4 years in Aotearoa New Zealand (and counting)

I got reminded of my kiwi-versary today, by the first friend I made when moving here. She must have noted it down at some point, because she congratulates me every year. It’s not a date I have in my own calendar, or really plan on marking, but when I think about it, it’s a pretty important one and I do like a bit of reminiscing and reflection. I’ve written about it last year, the year before, and the first year, and it’s been interesting to go back and read those posts. Each one feels like a different life and I’m amazed at how life, and I, changed each time in just 12 short months.

In my last post I talked about last year being a settling; into life and friendships, but more importantly, settling into myself. I sit here now and laugh, because not long after writing that, the opposite happened. What’s the opposite of settling? Unravelling? Yes, that’s probably a good way to describe the last year.

I’d figured out my purpose, and was happy to just let it happen, but gradually an urgency crept in. That figured-out-purpose told me what I wanted to do with my life, and the countdown to achieving New Zealand residency, where I’m not tied to a particular job and employer, was the point at which I could start living my life the way I wanted. A narrative in my head started whispering “you’re not living life the way you want”, like an insidious poison. I spent a lot of time internally battling to try and not become someone who was just clinging onto a false hope of everything being OK once a point in time was reached.

It became a desperation, especially when NZ Immigration changed the rules about how long things would take to process. All of a sudden I had to get another job, earning a certain amount of money, if I had any hope of getting my residency in the time frame I’d banked on. Otherwise, I’d be waiting another two years. Thankfully I managed it, and it was an incredible relief to also be able to get out of a stressful job that I’d stayed in about 6 months too long, but it was hard work. I wasn’t at my best. I was desperately burnt out, and started the new job with a fear of fucking it up and ruining everything.

Things were neglected in my relationship, because I was distracted and feeling so much pressure. I wasn’t being a good partner, and the one thing I needed – space – I didn’t know how to ask for. Pete needed support for some things he was going through, and also didn’t know how to ask, so we both just limped along, two people struggling and not leaning on each other. I did the only thing I thought best and ended the relationship, just to let some pressure off because I didn’t know what else to do. I didn’t know whether it was the right thing to do or not, or whether it was what I really wanted, I just needed some things to stop.

I still find it incredibly difficult to have gone another year without being able to see people I love. I find it hard that I’ve not been able to share New Zealand and my life with people who might have come to visit. The aching realisation of how long it might be is overwhelming sometimes, and often I feel isolated and alone, despite everything and everyone here. I don’t want to spend another two or three years here if this is what the world is like now; I’m missing out on so much. It was never the plan.

So I unravelled and now I’m trying to put myself back together. Immigration have changed the rules again, a couple of weeks before I was due to submit my application. I should have had my residency nearly two months ago, now I’m facing an indeterminate timeframe. It could be months, maybe even a year or more. I just don’t know, and INZ aren’t giving any information. My life, the one I want, is still on hold. I was angry, now I’m just sad and disappointed.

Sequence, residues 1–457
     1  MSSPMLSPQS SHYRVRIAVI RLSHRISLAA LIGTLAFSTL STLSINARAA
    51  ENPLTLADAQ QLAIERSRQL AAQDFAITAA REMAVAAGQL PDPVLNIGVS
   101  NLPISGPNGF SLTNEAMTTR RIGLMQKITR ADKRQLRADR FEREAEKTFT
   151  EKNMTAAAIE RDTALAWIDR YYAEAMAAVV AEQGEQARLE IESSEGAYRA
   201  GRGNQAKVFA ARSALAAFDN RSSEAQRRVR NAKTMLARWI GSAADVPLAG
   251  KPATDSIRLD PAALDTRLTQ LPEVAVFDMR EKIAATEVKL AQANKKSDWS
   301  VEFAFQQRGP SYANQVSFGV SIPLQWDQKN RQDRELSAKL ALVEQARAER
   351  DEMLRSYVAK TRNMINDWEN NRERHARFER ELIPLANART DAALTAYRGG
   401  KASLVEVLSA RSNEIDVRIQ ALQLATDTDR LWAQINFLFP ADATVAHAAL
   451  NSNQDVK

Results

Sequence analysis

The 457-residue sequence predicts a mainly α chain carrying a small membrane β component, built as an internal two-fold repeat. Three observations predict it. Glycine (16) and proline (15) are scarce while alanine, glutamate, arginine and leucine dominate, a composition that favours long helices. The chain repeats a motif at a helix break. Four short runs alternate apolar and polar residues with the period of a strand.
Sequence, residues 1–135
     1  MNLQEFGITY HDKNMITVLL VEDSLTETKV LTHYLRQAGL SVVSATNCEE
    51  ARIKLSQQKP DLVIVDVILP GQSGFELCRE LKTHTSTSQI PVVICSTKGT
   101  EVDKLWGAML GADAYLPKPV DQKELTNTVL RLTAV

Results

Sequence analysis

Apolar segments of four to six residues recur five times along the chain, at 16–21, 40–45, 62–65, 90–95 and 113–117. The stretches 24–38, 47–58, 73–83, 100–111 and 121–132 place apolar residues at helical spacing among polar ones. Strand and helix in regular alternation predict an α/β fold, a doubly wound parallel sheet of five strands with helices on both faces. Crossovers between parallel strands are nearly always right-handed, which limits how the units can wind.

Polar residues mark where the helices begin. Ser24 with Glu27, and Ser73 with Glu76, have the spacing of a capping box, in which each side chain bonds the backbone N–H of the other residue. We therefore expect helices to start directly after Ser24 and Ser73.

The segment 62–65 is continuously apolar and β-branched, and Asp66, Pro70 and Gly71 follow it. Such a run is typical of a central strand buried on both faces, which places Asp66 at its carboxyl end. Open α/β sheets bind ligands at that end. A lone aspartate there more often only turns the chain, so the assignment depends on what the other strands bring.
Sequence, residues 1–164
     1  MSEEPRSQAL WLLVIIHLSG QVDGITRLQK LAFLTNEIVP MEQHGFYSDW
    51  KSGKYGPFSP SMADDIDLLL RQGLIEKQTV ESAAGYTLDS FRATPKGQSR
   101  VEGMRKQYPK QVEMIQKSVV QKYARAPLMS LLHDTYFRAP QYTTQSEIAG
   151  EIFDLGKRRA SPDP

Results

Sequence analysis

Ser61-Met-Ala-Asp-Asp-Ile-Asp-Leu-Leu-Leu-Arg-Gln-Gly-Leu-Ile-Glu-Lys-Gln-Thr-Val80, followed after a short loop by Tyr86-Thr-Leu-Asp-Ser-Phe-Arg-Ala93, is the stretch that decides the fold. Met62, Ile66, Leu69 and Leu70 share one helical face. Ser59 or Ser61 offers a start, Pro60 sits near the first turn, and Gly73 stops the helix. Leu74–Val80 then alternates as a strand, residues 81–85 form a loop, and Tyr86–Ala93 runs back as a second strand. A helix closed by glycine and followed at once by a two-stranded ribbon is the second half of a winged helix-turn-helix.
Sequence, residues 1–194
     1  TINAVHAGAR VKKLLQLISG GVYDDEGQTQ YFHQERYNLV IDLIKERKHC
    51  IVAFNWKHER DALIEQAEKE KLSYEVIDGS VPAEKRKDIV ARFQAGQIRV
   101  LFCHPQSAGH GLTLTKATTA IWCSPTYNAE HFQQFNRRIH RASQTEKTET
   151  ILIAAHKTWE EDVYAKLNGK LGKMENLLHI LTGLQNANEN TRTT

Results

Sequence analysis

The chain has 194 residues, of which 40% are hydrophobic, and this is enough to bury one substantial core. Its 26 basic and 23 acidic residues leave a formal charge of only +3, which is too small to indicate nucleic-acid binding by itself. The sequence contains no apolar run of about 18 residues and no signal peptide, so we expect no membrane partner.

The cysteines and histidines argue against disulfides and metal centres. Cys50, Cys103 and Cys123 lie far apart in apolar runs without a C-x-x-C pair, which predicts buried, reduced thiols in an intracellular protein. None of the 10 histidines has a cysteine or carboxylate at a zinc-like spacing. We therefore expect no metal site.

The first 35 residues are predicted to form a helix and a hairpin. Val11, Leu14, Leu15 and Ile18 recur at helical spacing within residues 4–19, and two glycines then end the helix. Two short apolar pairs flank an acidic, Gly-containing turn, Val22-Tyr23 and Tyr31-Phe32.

Looking back, I can see how much pressure I put on myself without even realising it. Worrying about things that hadn’t happened yet, or worrying about how other people might view some of my decisions, and worrying that I was tying myself into things I didn’t want. How much fear I had (have) about not being able to stay in the place I’ve made my home, that someone could still take it all away. It’s hard to relax when it’s always there. It’s ironic also, that I still haven’t really made the choice of whether I actually want to live in New Zealand or not. To start, I viewed residency as some payback for giving up my life and the relationship not working out. At least I’d have something to show for it, and it wouldn’t have been a massive waste. I’ve not had chance to go back to the UK and see how I feel being back there yet.

I could sit here and write platitudes about growth, and learning, but no. Yes, that’s happened, and probably the most important in my life so far, and I’ve been unpicking and dealing with stuff I should have done ten years ago, but really, it’s just been fucking hard this year.

It’s not all doom and gloom though, although I realise that my usual positive and optimistic vibe is running low on batteries. I’ve laughed a lot, despite the stress. I have loved, and been loved, and it’s the most wonderful feeling. I’ve got through what I hope are the hardest times. I’ve revisited what’s important to me, practised patience and said no when I’ve needed to. Me and Pete are redrafting our relationship, to what we both want and need it to be. I’ve a lot more inner peace than I’ve ever had.

I don’t feel completely wiped out, clinging on by my fingernails like I did towards the end of last year, which, given 2021 has been dealing with the aftermath of 2021 with a load of new shit on top, is surprising. It seems my re-ravelling is partnered with resilience and energy, and I’ll take it.

Summer’s coming and I’m going to focus on the fun stuff for a bit. After all, it’s not like I can go anywhere else anyway 😉